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Human Rights & Abortion Law Reform in Ireland

By March 24, 2014News

In December 2013, the IFPA held a legal seminar entitled 'Human Rights and Abortion Law Reform in Ireland' in Dublin. Barrister and former IFPA Chairperson Catherine Forde presided over a panel of national and international experts that included:

Dr Ruth Fletcher, Queen Mary University of London
Professor Rebecca Cook, University of Toronto
Julie Kay, Lead Counsel in A, B and C v Ireland
Professor Siobhán Mullally, University College Cork
Mark Kelly, Director of the Irish Council for Civil Liberties.

The panel analysed abortion law in Ireland through the lens of equality, criminalisation, human rights and stigma, and explored ways forward to advance Irish abortion law reform.

Watch highlights from the seminar below.

 

 

Julie Kay (pictured above) placed the importance of the European Court of Human Rights judgment in A, B and C v Ireland in an Irish and global context and spoke of how abortion rights are central to “gender equality and to women's ability to participate in society to control their lives, their dignity, their health”.

Professor Siobhán Mullally pointed to the jurisprudence and concluding observations of United Nations (UN) Human Rights treaty bodies, where we are “increasingly seeing recognition that [the right to abortion] is an issue of equality and of gender equality.”

In discussing other relevant international jurisprudence, Mark Kelly spoke of how the UN Committee Against Torture and Human Rights Committee have highlighted Ireland’s restrictive abortion law in advance of their upcoming reviews of the Irish State’s compliance with the Convention Against Torture and the International Covenant on Civil and Political Rights.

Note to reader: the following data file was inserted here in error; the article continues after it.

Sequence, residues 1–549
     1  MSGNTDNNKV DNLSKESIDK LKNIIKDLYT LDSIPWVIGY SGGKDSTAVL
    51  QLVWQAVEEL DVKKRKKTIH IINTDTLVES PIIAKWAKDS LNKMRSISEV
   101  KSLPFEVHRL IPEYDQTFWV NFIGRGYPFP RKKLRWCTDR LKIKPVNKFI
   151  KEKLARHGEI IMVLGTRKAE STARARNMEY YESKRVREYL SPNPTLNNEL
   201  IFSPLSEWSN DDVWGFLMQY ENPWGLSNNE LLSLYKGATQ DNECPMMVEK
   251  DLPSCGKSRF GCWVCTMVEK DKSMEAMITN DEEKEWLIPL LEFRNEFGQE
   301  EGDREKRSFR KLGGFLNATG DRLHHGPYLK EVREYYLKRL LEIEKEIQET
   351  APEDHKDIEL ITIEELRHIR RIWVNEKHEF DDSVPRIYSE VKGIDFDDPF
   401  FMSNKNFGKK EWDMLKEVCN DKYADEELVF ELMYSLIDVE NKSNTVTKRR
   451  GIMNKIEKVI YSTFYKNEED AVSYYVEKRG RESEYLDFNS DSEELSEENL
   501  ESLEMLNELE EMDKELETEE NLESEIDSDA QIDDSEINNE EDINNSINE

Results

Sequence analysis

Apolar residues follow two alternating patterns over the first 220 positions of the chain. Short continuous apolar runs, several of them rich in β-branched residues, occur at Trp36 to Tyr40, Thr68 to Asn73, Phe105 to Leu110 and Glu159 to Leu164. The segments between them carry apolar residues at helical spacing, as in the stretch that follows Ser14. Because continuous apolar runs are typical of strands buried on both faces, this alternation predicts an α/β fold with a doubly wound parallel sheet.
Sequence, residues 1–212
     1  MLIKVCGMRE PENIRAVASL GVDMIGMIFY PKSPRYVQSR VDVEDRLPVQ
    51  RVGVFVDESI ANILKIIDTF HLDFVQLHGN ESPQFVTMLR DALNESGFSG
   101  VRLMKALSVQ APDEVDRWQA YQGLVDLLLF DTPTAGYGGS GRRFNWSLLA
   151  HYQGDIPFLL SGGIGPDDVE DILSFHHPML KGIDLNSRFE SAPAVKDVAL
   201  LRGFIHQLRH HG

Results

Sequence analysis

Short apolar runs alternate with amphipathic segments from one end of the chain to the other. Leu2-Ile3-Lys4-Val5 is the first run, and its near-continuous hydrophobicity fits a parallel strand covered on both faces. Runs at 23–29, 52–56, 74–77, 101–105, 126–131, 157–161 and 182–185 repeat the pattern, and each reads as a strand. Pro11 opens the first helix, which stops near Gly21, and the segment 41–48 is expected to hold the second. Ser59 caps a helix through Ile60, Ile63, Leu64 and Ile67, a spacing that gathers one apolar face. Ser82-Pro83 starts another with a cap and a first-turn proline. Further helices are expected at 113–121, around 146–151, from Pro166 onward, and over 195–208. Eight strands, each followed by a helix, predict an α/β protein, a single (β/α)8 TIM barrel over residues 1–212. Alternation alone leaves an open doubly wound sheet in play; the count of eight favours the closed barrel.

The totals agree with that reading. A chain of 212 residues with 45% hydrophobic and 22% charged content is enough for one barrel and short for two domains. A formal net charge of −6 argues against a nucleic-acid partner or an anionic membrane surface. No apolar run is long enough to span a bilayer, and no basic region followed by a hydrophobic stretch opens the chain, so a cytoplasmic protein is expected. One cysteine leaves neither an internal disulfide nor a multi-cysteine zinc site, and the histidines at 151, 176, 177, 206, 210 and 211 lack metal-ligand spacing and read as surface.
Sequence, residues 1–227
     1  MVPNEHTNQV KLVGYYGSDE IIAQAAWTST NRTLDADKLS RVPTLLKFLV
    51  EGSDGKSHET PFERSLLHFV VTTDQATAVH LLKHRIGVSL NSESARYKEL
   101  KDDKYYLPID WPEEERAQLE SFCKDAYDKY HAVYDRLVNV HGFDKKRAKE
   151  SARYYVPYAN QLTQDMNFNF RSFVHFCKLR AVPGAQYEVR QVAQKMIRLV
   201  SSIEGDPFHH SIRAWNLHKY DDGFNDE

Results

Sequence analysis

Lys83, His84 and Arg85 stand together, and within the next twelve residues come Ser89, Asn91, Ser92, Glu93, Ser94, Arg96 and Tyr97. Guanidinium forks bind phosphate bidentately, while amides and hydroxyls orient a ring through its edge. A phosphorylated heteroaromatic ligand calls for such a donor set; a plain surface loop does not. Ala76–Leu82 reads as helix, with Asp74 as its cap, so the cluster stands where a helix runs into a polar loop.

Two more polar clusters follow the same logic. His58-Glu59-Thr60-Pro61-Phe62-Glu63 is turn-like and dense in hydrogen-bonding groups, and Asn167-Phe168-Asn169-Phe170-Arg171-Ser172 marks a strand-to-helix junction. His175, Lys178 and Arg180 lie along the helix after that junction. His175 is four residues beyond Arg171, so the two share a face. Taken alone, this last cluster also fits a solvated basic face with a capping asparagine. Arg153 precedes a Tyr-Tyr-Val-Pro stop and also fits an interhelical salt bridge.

Professor Rebecca Cook described criminal law on abortion as “a wrong in and of itself, not only because of the public health consequences, because of how it destroys women and the meaning of women in society“. Dr Ruth Fletcher spoke of how criminalising abortion is “a form of privatising public responsibility” as “it asks women rather than the state to bear all the weight of the public duty to vindicate foetal life”.

Dr Fletcher also described how in Ireland “the life of the unborn has been treated as if it is the same as the life of the pregnant woman”. She stated that “equality does not equal sameness” and the law needs to reflect that “women are conscious sentient beings with moral views and responsibilities, while foetuses are not.”

The effect of stigma on women who seek abortion services was analysed in-depth by Professor Rebecca Cook, who stated: “Stigma is inherently wrong. It degrades, it's cruel and it's a form of social control.”

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